Nearly half of adult women in Sitka have experienced sexual violence, intimate partner violence, or both in their lifetime. This is according to a 2012 survey that questioned almost 300 women in Sitka.
The Alaska Victimization Survey, which released statewide results in 2010 and has since completed additional surveys in seven individual Alaskan communities, is the first comprehensive study of its kind to be conducted in the state.
Dr. Andre Rosay, the principle investigator for the survey, says that although the study has its limitations, it provides a more accurate representation of what’s happening.
“Many communities throughout Alaska have always experienced high rates of domestic violence and sexual assault,” said Rosay, “but that story has often been very difficult to tell. In the past, too often, we’ve relied on law enforcement numbers. And these numbers only capture the offenses that were reported to police.”
Rosay says violence against women is one the most underreported crimes, so law enforcement numbers don’t accurately portray the extent of abuse.
But even though researchers say the survey paints a more accurate picture, it might not be a complete one. For example, surveyors didn’t talk to non-English-speakers, or women without phones or residences where they could be reached.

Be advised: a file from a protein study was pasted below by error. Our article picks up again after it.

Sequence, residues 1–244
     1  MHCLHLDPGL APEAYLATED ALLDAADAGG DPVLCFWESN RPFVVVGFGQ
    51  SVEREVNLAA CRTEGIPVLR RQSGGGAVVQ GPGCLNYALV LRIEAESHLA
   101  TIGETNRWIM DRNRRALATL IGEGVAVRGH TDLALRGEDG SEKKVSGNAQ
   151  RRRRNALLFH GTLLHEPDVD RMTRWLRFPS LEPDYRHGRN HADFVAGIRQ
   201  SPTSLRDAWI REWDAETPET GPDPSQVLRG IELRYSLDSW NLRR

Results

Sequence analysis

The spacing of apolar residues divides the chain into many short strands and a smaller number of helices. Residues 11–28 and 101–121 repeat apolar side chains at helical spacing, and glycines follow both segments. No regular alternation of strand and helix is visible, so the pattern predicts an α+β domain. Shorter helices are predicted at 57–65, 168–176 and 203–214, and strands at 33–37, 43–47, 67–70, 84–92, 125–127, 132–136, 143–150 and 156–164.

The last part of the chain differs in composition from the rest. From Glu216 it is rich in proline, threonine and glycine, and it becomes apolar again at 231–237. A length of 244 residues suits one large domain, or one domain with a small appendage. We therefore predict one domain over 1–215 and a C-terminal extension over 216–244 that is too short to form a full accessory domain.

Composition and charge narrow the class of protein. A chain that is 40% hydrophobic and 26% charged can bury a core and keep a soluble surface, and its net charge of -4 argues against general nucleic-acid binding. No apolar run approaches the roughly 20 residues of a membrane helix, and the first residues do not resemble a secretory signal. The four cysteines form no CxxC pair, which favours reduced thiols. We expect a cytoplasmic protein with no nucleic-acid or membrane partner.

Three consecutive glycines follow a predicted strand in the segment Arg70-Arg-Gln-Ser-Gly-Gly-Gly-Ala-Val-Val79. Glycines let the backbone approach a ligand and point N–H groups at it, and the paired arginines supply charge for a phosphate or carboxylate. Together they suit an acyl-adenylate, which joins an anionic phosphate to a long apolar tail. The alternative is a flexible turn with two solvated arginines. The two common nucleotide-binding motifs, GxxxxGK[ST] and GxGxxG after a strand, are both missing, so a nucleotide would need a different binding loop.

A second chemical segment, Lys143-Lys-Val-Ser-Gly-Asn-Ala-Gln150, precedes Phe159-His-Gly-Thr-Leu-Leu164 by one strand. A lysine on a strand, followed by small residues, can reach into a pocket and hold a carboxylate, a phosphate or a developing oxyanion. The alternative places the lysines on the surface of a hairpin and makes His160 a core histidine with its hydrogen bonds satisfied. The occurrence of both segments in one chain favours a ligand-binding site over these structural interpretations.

The questions — about 200 in total — were personal and explicit, focusing on the different ways women were victimized. During the interview, surveyors looked for signs of distress – a change in tone or speed in answering questions – and periodically asked responders if they needed to stop the survey.
In five years, the survey will be conducted again. Rosay says it’s to establish if the numbers have changed, and will help in guiding future policies and practices.
Gretchen Clarke, a prevention consultant for Sitkans Against Family Violence, says that even if violence against women has decreased, it might not be reflected in the numbers at first.
“We know this is happening at greater levels,” said Clarke, “and so, as an issue that has been silent for so long, as people start to talk about it, you often will see an increase in numbers. Not because it’s happening more, but because more people feel more comfortable in being able to seek help and to talk about it.”
The Alaska Victimization Survey was funded by the Alaska Council on Domestic Violence and Sexual Assault. Data was analyzed by the University of Alaska Anchorage Justice Center.
For survey results, go to: http://justice.uaa.alaska.edu/AVS/